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Coal ash is the waste that remains when coal is burned. It is usually collected in a dump, known as a pond. North Carolina has more than 30 such sites in 14 different locations across the state. A pipe running under one of the ponds run by Duke Energy in Eden NC ruptured in February of 2014. The coal ash spilled, largely affecting the Dan River which flows into Virginia. The spill is the third largest of its kind in U.S. history.Many see potential complications because North Carolina's governor, Pat McCrory, worked for Duke Energy for 28 years.

North Carolina's Legislative Year Ahead: Environment

A Duke Energy power plant and coal ash ponds outside Asheville.
Zen Sutherland
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Flickr / www.flickr.com/photos/zen/1796555301/

Coal ash and fracking will dominate the environmental headlines this year. But the story will be different in the Legislature, where as much news will be made by what’s not discussed as by what is.

Some observers believe that the Renewable Energy Portfolio Standard that has been such a contentious issue in years past may not come up at all this session. It requires utility companies to generate 12.5 percent of its electricity using renewables by 2021.

The REP Standard first passed in 2007 and sustained a Republican challenge in 2013.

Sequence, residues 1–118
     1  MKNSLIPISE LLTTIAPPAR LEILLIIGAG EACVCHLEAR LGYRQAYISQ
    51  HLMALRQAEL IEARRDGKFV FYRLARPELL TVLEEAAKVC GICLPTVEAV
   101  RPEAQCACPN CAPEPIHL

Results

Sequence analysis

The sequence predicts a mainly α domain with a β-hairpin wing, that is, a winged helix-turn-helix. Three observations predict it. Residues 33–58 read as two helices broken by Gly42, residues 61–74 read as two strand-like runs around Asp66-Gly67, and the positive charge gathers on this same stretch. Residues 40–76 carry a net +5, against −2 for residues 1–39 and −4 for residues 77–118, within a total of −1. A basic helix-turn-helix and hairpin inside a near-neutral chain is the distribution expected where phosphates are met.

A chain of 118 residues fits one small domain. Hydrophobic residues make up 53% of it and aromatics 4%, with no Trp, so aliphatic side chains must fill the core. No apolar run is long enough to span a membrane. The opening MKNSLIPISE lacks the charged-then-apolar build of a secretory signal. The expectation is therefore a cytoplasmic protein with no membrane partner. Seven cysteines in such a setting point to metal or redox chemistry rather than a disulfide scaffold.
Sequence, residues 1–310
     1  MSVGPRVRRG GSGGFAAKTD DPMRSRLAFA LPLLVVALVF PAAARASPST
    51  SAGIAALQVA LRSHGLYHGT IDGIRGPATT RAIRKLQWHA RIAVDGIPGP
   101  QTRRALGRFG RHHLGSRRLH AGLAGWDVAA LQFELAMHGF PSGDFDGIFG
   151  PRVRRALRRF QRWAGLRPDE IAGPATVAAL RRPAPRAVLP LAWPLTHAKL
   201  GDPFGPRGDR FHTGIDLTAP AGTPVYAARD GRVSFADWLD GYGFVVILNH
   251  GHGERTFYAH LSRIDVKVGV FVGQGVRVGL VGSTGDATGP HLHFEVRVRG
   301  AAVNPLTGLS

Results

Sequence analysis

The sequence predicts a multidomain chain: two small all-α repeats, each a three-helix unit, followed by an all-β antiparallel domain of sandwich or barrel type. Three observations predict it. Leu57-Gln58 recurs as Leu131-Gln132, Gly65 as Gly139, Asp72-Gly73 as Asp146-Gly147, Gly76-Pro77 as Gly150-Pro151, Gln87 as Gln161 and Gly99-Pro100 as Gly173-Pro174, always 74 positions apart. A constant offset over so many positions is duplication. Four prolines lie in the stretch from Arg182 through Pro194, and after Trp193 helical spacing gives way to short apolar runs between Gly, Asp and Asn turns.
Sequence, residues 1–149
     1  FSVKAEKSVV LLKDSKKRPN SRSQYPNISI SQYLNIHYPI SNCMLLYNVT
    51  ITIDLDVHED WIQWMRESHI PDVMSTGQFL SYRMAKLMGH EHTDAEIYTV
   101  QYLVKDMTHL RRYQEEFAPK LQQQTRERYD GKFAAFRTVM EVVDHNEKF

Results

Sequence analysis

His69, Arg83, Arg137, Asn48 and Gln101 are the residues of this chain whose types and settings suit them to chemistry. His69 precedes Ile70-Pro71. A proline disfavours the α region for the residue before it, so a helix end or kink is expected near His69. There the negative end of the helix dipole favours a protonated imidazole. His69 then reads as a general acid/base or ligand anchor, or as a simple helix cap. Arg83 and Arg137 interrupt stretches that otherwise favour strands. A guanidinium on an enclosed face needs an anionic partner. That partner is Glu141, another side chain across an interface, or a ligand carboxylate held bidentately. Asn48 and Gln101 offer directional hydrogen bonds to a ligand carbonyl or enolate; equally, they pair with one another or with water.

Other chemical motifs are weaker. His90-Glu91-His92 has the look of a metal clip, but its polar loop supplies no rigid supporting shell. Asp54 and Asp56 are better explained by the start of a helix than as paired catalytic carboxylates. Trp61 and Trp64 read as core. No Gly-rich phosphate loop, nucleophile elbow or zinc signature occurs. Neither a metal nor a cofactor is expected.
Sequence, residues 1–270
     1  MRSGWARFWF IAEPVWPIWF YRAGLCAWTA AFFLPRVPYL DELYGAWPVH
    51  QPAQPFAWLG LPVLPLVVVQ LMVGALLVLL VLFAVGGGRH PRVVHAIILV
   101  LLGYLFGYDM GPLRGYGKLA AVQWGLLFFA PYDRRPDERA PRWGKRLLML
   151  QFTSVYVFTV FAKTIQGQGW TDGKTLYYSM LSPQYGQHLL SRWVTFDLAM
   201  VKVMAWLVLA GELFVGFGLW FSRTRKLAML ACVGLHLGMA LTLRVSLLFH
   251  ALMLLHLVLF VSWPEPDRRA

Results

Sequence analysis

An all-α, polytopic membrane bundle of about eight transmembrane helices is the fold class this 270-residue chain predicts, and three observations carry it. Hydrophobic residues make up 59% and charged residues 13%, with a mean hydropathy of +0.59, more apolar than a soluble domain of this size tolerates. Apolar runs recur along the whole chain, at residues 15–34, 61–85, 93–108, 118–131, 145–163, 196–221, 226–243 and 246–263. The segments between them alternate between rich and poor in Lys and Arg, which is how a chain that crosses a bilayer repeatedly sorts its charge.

Other debates this session will likely focus on the solar-energy tax credit and smart-grid technology.

Solar tax credit expires

The state currently offers a 35% tax credit on solar. That credit is set to expire in December 2015. It’s been a key reason North Carolina’s solar business has grown as drastically as it has, pushing the state to number four in the country in solar production.

Smart-grid technology may generate fewer headlines, but it arguably affects more average customers.

“Right now, it’s very difficult to have easy and complete visibility to your own consumption data, much less easily share that with a company that could help you save energy,” explains Ivan Urlaub, the executive director of the North Carolina Sustainable Energy Association.

The Legislature will wait to get going on many aspects of coal-ash disposal.

The Coal Ash Management Commission will work throughout 2015 to prioritize Duke Energy’s 32 sites before sending along its recommendations to the General Assembly for approval.

New rules allowing fracking will likely come before the Legislature this month. But even if the rules are passed, few companies are expected to begin serious exploration efforts. Natural gas prices are low, and North Carolina’s reserves are thought to be limited.

Dave DeWitt is WUNC's Feature News Editor. As an editor, reporter, and producer he's covered politics, environment, education, sports, and a wide range of other topics.
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